Hoboy


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Ho´boy


n.1.A hautboy or oboe.
Webster's Revised Unabridged Dictionary, published 1913 by G. & C. Merriam Co.
References in periodicals archive ?
351), for example, are in keys and ranges ideal for the oboe, but the title page lists violin before the "hoboy"-- and the flute is added as another possible choice in the second book.
The second print appeared between 1731 and 1732 and bore Walsh's own imprint under the title Solos for a German Flute a Hoboy or Violin with a Thorough Bass for the Harpsicord [sic] or Bass Violin Compos'd by Mr.
Other instruments mentioned here include a hoboy and 'Sundry Loud Instruments of Musick'.(30)
Expect no Shew upon the Waters more than the accustomed manner of the several Companies in their Barges, with Drums, Trumpets, Hoboyes, etc.
(He adds, however, that |it is preferable that the player have his breath so under control that the unpleasant sound of the lower notes disappears'.)(8) The writer of a treatise attributed to the oboist Johann Christian Fischer (1733-1800) recommended the use of a mute |to soften the sound of the hoboy'.(9) These two comments imply that the oboe could have been muted whenever a softer or gentler sound was required.
Am besten aber ist es, wenn der Meister seinen Hauch so in der Gewalt ist, dass er den tiefen Tonen dadurch ihre Unannehmlichkeit abringt.' (9) New and Complete Instructions for the Oboe or Hoboy (London, c.1773-6), ed.
These statues were attired in cases of gold and silver close to their body, faces, hands and feet, nothing seen but gold and silver, as if they had been solid images of metals, tresses of hair as they had been of metal embossed, girdles and small aprons of oaken leaves, as if they likewise had been carved or moulded out of the metal: at their coming, the music changed from violins to hoboys, cornets, etc.
986-92) The dumb show in The Two Noble Ladies manuscript is more complex, but only the music receives attention from the bookkeeper, who added the signal for cornet music at the start and deleted the scribe's "Hoboys" (l.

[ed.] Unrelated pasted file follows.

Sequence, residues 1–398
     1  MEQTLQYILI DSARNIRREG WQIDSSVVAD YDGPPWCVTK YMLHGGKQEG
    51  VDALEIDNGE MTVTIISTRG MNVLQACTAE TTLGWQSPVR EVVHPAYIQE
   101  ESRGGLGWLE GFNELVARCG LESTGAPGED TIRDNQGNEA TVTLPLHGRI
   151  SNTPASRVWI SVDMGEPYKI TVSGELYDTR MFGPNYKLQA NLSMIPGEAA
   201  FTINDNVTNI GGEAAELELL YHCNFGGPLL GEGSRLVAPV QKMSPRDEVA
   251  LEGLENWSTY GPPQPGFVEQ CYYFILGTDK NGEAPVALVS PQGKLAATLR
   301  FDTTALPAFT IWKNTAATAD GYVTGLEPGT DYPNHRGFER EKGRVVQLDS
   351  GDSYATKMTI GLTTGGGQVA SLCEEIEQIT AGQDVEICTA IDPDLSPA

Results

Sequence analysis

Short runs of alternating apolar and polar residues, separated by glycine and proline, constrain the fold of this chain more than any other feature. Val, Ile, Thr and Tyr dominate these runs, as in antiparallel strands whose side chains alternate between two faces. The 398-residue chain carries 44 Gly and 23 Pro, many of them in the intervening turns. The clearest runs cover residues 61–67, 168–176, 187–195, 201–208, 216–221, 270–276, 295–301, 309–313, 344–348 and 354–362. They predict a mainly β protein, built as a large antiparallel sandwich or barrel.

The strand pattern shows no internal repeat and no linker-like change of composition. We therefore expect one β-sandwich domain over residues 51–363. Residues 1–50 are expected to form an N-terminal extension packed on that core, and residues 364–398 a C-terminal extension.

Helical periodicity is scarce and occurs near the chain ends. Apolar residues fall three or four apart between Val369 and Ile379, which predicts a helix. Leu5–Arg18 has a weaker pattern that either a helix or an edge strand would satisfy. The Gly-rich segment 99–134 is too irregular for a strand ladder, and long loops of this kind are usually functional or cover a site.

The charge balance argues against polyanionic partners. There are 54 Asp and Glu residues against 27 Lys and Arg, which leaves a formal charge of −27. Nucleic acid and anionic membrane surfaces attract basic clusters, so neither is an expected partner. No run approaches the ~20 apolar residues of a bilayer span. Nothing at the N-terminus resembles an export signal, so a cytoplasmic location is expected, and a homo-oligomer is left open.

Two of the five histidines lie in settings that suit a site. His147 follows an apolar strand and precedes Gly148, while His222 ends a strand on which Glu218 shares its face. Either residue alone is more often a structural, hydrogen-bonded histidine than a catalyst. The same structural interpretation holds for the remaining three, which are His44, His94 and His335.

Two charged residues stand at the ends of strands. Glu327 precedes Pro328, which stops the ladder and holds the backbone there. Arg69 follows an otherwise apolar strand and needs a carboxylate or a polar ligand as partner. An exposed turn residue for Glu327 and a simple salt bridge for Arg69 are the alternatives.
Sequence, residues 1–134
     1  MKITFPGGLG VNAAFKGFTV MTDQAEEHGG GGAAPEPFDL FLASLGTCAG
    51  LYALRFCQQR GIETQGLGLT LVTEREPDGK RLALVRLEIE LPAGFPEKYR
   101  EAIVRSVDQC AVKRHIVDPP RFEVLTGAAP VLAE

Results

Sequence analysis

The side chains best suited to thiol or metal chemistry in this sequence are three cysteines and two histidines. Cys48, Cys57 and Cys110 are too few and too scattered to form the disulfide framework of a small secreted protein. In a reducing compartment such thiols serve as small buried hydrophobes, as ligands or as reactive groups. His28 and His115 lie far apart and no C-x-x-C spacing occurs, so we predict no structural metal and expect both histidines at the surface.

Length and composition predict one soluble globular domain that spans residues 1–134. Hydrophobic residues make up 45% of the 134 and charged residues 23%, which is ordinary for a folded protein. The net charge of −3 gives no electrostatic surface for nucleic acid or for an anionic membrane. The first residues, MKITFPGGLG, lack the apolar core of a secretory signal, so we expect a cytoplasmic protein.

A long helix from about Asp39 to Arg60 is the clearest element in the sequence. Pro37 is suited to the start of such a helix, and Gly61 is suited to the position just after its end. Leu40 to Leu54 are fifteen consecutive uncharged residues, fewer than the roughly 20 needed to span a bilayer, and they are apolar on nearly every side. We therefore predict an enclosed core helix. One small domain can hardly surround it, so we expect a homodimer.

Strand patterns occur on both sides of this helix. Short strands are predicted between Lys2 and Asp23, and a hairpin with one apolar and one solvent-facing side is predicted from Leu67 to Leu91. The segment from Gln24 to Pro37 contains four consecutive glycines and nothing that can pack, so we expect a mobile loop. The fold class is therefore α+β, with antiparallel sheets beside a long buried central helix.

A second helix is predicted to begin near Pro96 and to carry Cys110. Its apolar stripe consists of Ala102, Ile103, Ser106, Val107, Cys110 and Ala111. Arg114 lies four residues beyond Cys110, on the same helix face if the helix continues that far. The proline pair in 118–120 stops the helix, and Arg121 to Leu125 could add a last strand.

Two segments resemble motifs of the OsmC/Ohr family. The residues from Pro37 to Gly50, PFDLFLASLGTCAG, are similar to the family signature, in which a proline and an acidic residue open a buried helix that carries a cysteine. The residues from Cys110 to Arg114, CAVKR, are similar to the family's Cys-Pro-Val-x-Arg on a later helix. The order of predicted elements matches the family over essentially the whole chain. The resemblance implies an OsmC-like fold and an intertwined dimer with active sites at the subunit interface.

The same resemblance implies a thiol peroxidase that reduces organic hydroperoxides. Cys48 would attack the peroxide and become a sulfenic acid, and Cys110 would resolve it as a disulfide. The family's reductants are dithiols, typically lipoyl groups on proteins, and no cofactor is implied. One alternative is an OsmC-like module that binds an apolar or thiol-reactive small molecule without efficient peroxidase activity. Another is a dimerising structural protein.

Hoboyes: Enter two Fryers setting out an Altar, | Enter Iago, Alphonso, Gazetto, Malevenso, two Churchmen, Tormiella next and the King, Ladies attending, | Cordolente steales in, and stands in some by place, | the King stayes or sits in a chayre, | Tormiella is brought to him, as she is comming the King meets her; | as the ring is putting on, Cordolente steps in rudely, breakes them off, | Tormiella flyes to his bosome, | the King offers to stab him, is held: | she kneeles, sues, weepes, | Cordolente is thrust out, | Gazetto laughs at all, | they are preparing to it againe, | it Thunders and Lightens: all affrightedly--Exeunt.
Calls for sound--including music, a sennet, cornets, trumpets, hoboys, recorders, drums, an alarum, and thunder--are often found especially at the start, but also during and at the end of a dumb show.
From the mid-1680s, hautboys and flutes are mentioned fairly frequently; for instance, the 1685 river procession contained 'stately Barges ecchoing with the most harmonious Wind-Musick, Flutes, Hoboys, and Trumpets', and flutes, hautboys and trumpets also featured in 1687, 1698, 1699 and 1700, along with 'all manner of Musick'.(33) In 1686 the barges attracted 'all Eyes and Ears with their Ornament and Musick; the stately Barges ecchoing with Flutes and Trumpets'.(34) However, the texts dating from the early 1690s mention only 'Drums beating, Trumpets sounding, Musick playing, etc.'(35) Although some of the descriptions are unspecific in this way, it appears that a variety of instruments were used.
with five others to attend this Company on the next Lord Maiors day w[i]th Hoboyes & Sackbutts'.(36) Sometimes 'loud music' is mentioned; for example, in 1675 Richard Farmer and five others were to attend the Goldsmiths' Company in their barge 'w[i]th loud Musique in Consort', and in 1681 'Vezey' and five other musicians played 'on their loud Musique' in the company's barge.(37) This technical term implied, earlier in the century at least, either hautboys or cornetts, alone or possibly with trumpets.(38) Very unusually, string music is also mentioned in the records of the Goldsmiths' Company.